The Government has increased the budget for 3000 nurses and an additional 1000 healthcare places over a period of four years. They are also investing NZ$76 million to develop a primary healthcare workforce, including 1,500 training places for nursing, physiotherapy and pharmacy.
What Does This Mean for Overseas Healthcare Workers?
The Government is rebalancing New Zealand's immigration system by implementing a shift in the future migrant workforce to increase New Zealand's productivity and rebalance the skills gap to support our country's growth. The rebalance ensures New Zealand is an attractive destination for highly skilled workers in global shortage.
With record lows in NZ employment, overseas workers are in high demand by the NZ Healthcare system. The introduction of the Green list has opened up a list of highly skilled roles which can be pathways to residence for migrant workers.
How the Visa Changes Will Affect Healthcare Roles
There are currently over 40 healthcare roles on the Government's Green List of priority visa applications that will either grant the migrants a fast track to residency or allow for a work to residence.
Fast-Tracked Pathways to Work & NZ Residency
- The "fast-tracked - straight to residence" provides residency for highly-skilled people in global-demand professions. These are assessed before arriving in New Zealand after securing a relevant job offer. This path relates to the Green List occupations and opened for applications on 5 September 2022.
- The Work to residence visa nz gives residency to people from certain professions on the Green List who work in New Zealand for two years. This path also relates to the Green List occupations and requires people to have worked for 24 months and opened for applications on 29 September 2022.
- The "Highly paid - twice the median wage" was recently announced and will provide residency for people under 55 who have worked for two years or more in New Zealand, earning 2x the median wage. This resident visa is for people who have worked for 24 months earning twice the median wage and opens for applications on 29 September 2022.
The Work to residence visa nz and "Highly paid" pathways require workers to be on an Accredited Employer Work Visa (AEWV NZ), which is a visa offering NZ working rights for a select few if migrants meet a certain threshold. For more advice on securing your right to work in New Zealand, Malcolm Pacific can help answer questions and support you with your application.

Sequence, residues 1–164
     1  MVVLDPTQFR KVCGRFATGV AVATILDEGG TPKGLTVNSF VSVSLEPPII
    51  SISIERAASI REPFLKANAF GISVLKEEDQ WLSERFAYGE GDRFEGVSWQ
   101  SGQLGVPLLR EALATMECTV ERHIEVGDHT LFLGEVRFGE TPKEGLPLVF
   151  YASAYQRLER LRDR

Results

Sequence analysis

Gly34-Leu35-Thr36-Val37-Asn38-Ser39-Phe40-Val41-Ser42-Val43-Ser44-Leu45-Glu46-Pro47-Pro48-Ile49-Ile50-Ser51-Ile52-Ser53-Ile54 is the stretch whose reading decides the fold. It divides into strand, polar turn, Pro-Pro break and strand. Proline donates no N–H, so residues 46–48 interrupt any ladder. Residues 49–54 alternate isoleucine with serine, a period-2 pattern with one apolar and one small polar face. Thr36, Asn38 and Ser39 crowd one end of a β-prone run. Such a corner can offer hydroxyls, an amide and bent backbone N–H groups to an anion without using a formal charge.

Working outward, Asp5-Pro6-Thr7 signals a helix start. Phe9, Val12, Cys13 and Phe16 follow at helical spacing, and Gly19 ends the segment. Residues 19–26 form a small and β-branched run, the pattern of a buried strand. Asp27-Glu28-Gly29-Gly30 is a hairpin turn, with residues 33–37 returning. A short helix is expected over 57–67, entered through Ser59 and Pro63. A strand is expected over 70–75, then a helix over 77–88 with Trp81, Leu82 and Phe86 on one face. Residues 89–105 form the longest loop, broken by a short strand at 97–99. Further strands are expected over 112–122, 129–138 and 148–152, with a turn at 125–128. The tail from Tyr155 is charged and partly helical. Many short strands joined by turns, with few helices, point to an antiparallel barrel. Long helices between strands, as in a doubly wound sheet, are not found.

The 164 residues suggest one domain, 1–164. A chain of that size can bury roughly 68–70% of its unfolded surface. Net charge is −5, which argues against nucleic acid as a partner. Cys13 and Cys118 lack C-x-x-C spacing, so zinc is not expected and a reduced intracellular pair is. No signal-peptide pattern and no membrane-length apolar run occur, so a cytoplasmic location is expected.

How NZ Is Supporting Migrant Health Workers
NZ is providing support to recognise migrant health workers’ qualifications. By financially supporting doctors and other healthcare workers within their formative first months in New Zealand, the Government is hoping to attract more migrants.
New Opportunites for Migrants to Get Their Healthcare Qualifications Recognised
To ensure that health professionals can get their qualifications recognised in New Zealand, they have introduced several opportunities:
- For Nurses, there is up to NZ$10,000 worth of funding available to complete competence assessment programmes necessary to register in New Zealand.
- For Doctors, there is a 6-month bridging programme, including paying their salary for their six-week clinical induction course and three-month training internship.
Get Licensed Immigration Advice Today
Whether you're considering applying for a work-to-residence visa nz, planning a new way of life in New Zealand or becoming part of our healthcare system, Malcolm Pacific Immigration can help. Our licensed advisers assist you in understanding the visa process and take the stress away to let you focus on your business. We have an employer services team on standby and ready to help.
Get in touch with us today!